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Disparities Data Details MICH-23 by Country of Birth for 2015

Disparities Details by Country of Birth for 2015
MICH-23 : Breastfed newborns receiving formula supplementation in the first 2 days of life (percent)
This chart compares rates by population.

2020 Baseline (year): 23.3 (2009)
2020 Target: 14.2
Desired Direction: ↓ Decrease Desired
Data Source: National Immunization Survey (NIS), CDC/NCIRD and CDC/NCHS
Error Bar (I) represents the 95% confidence interval.
Additional footnotes may apply to these data. Please refer to footnotes below the data table for further information.
See also Disparities Overview by Country of Birth for MICH-23

MICH-23 Reduce the proportion of breastfed newborns who receive formula supplementation within the first 2 days of life

Breastfed newborns receiving formula supplementation in the first 2 days of life (percent)

2020 Baseline (year): 23.3 (2009)
2020 Target: 14.2
Desired Direction: ↓ Decrease Desired
Spotlight on Disparities:
Country of Birth 2015 Disparity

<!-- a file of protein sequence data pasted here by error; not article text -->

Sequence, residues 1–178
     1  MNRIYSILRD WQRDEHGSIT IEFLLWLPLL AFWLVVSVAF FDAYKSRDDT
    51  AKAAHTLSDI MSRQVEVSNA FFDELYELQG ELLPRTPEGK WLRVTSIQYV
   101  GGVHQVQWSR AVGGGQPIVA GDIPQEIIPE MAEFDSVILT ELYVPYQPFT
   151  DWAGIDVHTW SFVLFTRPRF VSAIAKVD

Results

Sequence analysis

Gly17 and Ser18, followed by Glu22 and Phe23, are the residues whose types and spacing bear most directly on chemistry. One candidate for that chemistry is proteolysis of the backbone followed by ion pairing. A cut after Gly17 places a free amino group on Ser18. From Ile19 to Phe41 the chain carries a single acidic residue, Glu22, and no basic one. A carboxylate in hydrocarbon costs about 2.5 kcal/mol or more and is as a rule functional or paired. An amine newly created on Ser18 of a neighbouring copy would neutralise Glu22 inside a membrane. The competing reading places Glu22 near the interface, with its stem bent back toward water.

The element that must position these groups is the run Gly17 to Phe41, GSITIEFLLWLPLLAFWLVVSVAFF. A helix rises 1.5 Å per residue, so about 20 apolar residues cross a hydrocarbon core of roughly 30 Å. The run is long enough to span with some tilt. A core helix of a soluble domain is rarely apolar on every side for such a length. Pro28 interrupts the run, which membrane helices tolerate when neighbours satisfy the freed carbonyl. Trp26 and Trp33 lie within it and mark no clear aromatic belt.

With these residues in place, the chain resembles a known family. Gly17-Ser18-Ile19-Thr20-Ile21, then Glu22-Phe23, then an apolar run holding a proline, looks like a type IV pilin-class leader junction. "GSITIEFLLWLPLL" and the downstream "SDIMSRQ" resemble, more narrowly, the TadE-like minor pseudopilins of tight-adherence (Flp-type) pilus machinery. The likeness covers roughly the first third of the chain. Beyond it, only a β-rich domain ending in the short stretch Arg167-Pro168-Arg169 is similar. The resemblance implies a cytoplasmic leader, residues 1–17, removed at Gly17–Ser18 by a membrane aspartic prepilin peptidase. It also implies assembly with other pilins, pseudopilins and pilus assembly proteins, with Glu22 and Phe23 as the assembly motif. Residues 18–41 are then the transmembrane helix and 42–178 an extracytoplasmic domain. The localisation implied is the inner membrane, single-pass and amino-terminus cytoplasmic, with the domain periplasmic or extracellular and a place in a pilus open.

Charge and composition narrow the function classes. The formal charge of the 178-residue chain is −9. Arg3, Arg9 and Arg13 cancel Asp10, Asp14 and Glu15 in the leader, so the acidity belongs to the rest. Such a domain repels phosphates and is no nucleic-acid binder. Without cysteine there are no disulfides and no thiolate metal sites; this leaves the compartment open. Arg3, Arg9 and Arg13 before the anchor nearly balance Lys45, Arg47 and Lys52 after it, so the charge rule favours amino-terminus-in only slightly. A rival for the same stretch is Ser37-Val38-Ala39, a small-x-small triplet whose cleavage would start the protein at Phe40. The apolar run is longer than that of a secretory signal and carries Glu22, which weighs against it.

US 16.9
CI 15.8/18.1
SE 0.579
÷ 1.000
Best rate
Outside US 24.9
CI 14.1/40.2
SE 6.732
÷ 1.472
CI
1.000/ 2.302

Data are subject to revision and may have changed since a previous release.

Unless noted otherwise, any age-adjusted data are adjusted using the year 2000 standard population.

Data are not available or not collected for populations not shown.

CI: 95% confidence interval.

Summary measures of health disparities by Country of Birth — 2015
  • The better group rate for this objective, 16.9%, was attained by persons who were born in the US.
  • The worse group rate for this objective, 24.9%, was attained by persons who were born outside the US.
  • The absolute difference (or range) between the best and worst group rates was 8.0 percentage points.
  • The worst group rate was 1.472 times the best group rate.
Detailed measures of health disparities by Country of Birth — 2015

Mothers born in the US achieved the better group rate for this objective, 16.9%.

The rate among mothers born outside the US was 1.472 times the better group rate.

FootnotesShow Footnotes